VENTOTENE, Italy (AP) " The Latest on the meeting of leaders from Italy, France and Germany (all times local):
German Chancellor Angela Merkel says that the European Union is currently facing "enormous challenges" and needs to work together.
Speaking alongside her Italian and French counterparts Monday, she said "we feel that faced with Islamist terrorism and in light of the civil war in Syria that we need to do more for our internal and external security."
Among other things, she said defense cooperation should be strengthened and that intelligence services need to intensify their exchange of information.
She also says European nations need to continue to cooperate in their fight against the smuggling of migrants across the Mediterranean and to protect Europe's external borders.
Merkel says: "more needs to be done for our internal and external security."
French President Francois Hollande is urging Europeans and their leaders against retreating into nationalist tendencies after Britain's vote to leave the European Union.
Hollande said Europe can have a future of "unity and cohesion" but only if EU and national leaders fight against "dislocation, egotism, folding in on ourselves."
He spoke on an aircraft carrier off an Italian island alongside the leaders of Germany and Italy as they plotted a path forward without Britain in the EU.
France is among the European countries seeing a rise in support for nationalist parties amid economic and security concerns.
Italian Premier Matteo Renzi says Europe wants to "write a future chapter" after Britain's vote to leave the EU focusing on common defense, security and economic growth especially addressing youth unemployment.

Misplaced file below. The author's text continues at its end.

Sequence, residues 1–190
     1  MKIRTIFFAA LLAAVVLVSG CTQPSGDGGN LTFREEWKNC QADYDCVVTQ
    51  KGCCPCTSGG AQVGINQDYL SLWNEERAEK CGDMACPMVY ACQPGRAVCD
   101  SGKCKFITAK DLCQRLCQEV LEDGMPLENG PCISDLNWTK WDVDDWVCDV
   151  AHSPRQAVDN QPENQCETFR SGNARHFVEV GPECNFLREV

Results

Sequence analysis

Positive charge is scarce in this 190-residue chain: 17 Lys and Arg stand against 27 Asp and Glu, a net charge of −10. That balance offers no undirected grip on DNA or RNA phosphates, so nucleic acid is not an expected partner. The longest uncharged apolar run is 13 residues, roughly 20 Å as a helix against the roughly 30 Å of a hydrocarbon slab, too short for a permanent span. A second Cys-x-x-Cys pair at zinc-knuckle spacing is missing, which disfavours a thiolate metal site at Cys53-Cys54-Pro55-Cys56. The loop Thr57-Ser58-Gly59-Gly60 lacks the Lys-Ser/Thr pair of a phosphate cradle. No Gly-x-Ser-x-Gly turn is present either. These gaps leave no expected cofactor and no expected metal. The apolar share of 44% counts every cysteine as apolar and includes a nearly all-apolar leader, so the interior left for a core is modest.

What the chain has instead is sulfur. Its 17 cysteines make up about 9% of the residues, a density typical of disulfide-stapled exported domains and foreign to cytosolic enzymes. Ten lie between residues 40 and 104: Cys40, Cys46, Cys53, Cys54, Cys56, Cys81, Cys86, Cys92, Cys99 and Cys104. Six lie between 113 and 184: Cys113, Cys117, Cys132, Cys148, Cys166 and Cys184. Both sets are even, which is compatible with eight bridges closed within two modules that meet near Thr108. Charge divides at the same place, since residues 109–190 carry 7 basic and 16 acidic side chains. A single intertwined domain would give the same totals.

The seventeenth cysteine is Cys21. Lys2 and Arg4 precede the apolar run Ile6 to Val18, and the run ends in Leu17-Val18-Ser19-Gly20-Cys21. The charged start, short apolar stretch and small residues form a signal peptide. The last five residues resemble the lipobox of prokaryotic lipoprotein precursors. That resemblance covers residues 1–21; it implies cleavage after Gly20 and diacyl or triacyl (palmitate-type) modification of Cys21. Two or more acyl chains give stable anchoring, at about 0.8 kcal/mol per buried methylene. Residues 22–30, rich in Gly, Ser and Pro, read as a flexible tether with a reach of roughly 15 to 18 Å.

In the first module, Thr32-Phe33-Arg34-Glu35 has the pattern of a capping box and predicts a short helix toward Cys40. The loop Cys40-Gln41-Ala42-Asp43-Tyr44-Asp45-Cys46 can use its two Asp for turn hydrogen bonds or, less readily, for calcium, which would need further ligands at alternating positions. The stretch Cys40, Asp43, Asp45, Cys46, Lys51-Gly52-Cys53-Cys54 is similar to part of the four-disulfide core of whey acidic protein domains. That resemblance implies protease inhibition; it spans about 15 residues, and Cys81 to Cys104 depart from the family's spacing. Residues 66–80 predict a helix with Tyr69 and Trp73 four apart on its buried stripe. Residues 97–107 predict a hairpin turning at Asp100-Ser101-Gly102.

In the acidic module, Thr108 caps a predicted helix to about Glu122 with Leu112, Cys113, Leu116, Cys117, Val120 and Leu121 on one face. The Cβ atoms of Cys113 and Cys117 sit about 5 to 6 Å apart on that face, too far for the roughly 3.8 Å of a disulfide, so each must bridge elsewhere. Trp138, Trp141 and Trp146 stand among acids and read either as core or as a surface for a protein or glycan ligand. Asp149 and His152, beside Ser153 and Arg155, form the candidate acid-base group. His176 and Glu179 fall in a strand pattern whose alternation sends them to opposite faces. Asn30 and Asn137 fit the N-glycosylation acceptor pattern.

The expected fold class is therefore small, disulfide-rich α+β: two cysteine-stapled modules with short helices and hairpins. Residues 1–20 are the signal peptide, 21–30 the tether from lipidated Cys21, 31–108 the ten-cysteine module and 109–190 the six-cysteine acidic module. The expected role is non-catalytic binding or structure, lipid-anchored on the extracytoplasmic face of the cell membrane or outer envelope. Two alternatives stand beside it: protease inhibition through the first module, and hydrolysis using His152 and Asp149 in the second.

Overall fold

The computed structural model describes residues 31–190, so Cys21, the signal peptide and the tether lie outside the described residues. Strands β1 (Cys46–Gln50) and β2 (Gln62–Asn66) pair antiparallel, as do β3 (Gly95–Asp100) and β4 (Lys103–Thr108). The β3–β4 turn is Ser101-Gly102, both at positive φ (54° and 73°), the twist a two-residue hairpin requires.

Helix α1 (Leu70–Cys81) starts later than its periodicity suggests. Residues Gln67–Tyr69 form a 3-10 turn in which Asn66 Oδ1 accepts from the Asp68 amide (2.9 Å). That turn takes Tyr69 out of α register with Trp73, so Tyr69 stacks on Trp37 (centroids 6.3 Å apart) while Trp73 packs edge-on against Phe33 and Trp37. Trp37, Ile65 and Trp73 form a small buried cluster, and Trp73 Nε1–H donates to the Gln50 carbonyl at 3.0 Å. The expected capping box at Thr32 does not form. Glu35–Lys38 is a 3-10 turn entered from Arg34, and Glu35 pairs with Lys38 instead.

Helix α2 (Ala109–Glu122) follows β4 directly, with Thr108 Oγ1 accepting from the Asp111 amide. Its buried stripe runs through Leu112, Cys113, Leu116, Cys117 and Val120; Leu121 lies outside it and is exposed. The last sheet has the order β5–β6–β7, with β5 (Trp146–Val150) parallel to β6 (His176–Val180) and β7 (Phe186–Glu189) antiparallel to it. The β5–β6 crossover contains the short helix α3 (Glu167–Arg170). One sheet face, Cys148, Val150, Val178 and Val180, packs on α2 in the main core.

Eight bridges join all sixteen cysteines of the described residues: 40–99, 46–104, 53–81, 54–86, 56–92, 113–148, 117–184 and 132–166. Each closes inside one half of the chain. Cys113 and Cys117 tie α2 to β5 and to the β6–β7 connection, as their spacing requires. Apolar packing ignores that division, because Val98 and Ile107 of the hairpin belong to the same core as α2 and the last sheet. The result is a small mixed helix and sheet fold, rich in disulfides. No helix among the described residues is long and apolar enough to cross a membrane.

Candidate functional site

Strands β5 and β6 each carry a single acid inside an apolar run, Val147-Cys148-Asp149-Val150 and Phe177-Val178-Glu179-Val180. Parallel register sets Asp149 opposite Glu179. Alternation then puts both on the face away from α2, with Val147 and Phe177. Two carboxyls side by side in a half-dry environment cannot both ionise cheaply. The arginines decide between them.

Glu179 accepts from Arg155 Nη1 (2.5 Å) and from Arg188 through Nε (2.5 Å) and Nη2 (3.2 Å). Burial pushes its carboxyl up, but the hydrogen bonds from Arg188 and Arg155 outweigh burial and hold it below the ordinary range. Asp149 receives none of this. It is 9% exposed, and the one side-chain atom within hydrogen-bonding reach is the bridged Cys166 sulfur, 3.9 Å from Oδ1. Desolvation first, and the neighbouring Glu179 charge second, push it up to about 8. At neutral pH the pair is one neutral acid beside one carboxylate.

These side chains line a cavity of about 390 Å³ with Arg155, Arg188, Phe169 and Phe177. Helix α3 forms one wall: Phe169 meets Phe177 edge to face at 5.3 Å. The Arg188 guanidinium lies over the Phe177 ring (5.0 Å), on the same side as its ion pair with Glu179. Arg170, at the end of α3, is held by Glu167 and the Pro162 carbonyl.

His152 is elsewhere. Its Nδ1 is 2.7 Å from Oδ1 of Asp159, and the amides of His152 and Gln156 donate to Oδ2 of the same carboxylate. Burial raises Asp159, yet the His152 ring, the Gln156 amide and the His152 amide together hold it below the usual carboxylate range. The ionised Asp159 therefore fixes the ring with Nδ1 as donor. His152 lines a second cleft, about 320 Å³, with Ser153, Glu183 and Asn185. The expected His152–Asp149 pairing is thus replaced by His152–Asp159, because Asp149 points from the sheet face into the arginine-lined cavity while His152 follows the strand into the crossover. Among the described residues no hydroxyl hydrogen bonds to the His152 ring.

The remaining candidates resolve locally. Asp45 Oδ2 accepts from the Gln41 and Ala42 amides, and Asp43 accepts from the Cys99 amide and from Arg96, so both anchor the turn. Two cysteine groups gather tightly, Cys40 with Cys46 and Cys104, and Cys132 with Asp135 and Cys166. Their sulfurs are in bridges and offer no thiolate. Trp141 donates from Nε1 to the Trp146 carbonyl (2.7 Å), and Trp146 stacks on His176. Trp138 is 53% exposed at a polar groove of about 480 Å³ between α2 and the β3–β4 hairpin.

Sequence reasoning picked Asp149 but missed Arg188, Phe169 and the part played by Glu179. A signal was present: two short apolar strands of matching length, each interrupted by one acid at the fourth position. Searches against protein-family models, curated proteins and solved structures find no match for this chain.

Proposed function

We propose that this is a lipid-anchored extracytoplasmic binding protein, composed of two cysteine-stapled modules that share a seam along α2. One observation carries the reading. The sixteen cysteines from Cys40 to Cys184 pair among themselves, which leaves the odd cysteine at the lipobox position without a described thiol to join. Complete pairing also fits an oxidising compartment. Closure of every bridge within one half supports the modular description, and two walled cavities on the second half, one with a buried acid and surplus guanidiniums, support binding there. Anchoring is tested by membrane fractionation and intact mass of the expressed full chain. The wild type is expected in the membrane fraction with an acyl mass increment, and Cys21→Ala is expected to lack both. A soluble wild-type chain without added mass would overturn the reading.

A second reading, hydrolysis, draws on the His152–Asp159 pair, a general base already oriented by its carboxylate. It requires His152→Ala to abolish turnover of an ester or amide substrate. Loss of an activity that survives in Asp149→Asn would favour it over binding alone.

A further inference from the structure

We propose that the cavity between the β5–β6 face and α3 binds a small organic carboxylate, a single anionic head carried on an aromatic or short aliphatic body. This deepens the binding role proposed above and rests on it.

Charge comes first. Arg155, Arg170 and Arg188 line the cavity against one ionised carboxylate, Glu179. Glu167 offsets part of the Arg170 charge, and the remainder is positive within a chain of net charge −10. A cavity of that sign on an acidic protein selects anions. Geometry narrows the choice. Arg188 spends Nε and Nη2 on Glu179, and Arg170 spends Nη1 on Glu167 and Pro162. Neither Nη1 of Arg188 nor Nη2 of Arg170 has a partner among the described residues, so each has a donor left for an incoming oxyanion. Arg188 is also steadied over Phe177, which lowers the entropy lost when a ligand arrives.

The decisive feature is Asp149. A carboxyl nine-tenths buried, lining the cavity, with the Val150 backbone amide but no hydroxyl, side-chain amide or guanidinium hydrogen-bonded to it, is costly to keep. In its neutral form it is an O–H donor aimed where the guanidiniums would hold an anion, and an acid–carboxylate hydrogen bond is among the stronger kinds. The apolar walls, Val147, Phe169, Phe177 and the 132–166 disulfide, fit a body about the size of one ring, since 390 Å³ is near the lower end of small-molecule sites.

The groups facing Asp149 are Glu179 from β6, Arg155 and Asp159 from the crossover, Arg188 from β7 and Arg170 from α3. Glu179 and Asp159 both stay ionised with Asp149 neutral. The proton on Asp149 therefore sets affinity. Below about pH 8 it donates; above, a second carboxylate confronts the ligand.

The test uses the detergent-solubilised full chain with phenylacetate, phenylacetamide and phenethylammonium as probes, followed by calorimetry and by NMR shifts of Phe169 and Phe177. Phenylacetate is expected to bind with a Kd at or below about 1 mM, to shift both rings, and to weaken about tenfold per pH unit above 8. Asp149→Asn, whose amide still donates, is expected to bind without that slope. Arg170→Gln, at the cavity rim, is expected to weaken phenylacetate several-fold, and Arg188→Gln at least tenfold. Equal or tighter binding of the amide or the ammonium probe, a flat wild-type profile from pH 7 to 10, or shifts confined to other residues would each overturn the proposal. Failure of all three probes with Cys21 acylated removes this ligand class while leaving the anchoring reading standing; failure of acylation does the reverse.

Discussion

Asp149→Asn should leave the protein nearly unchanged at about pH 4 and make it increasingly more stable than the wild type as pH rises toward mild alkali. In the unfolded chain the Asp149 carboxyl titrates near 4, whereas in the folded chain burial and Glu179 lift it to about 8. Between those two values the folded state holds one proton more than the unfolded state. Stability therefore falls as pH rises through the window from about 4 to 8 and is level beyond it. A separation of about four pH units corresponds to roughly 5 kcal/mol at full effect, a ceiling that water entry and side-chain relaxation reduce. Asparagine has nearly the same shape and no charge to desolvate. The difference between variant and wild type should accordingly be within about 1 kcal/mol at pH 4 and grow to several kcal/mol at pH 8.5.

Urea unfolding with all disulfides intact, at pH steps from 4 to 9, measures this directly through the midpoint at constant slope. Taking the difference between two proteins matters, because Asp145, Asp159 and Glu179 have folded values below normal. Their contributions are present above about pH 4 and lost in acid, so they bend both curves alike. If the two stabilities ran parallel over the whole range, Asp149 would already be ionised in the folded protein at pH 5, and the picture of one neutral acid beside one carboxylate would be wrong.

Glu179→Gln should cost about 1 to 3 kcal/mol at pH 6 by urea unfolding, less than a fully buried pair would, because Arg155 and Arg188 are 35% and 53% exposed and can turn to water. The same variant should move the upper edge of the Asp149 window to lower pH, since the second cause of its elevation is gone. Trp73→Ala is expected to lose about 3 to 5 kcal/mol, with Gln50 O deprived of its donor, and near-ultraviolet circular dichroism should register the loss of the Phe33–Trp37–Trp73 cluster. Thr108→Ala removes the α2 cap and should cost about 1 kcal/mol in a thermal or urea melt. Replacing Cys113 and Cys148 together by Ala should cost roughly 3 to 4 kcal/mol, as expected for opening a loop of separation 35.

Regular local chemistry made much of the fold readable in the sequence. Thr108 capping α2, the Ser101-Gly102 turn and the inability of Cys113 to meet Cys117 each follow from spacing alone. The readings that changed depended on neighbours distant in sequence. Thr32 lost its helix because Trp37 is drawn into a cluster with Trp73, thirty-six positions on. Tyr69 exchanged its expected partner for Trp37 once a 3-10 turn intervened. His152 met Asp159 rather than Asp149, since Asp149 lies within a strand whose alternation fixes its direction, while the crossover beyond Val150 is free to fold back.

At the end of a mini-summit Monday with German Chancellor Angela Merkel and French President Francois Hollande, Renzi said improved security and intelligence sharing is an "absolute priority" for a Europe confronting Islamic extremist violence.
Hollande stressed in particular the need for common European defense efforts after a string of deadly attacks in France and other European countries.
The three leaders held a press conference aboard the Italian aircraft carrier Garibaldi, which is coordinating the EU's Mediterranean migrant rescue operation, after paying tribute to one of the founding fathers of European unity on the island of Ventotene.
The leaders of Italy, France and Germany have paid their respects at the tomb of one of the founding fathers of European unity in a symbolic bid to relaunch the European project following Britain's decision to leave the EU.
Standing together in the cemetery of the sun-soaked island of Ventotene, Italian Premier Matteo Renzi, German Chancellor Angela Merkel and French President Francois Holland placed three bouquets of blue and yellow flowers " the colors of the European Union " on the simple white marble tombstone of Altiero Spinelli.
Spinelli, along with another intellectual confined to Ventotene in the 1940s by Italy's fascist rulers, co-wrote the "Ventotene Manifesto" calling for a federation of European states to counter the nationalism that had led Europe to war.
The document is considered the inspiration for European federalism.
The leaders of Italy, France and Germany are heading to one of the symbolic birthplaces of European unity to chart the path forward following Britain's decision to leave the EU.
Economic growth, improved security and new job options for European young people are among the topics expected to be discussed.
Italian Premier Matteo Renzi, German Chancellor Angela Merkel and French President Francois Holland start their meeting by paying respects at the tomb of Altiero Spinelli, who in 1941 began co-writing the "Ventotene Manifesto." The document, which called for a federation of European states to counter the nationalism that had led Europe to war, inspired European federalism.
The three then head to another symbolic location for the summit: the Italian aircraft carrier Garibaldi, which is coordinating the EU's migrant rescue operation.
This story has been automatically published from the Associated Press wire which uses US spellings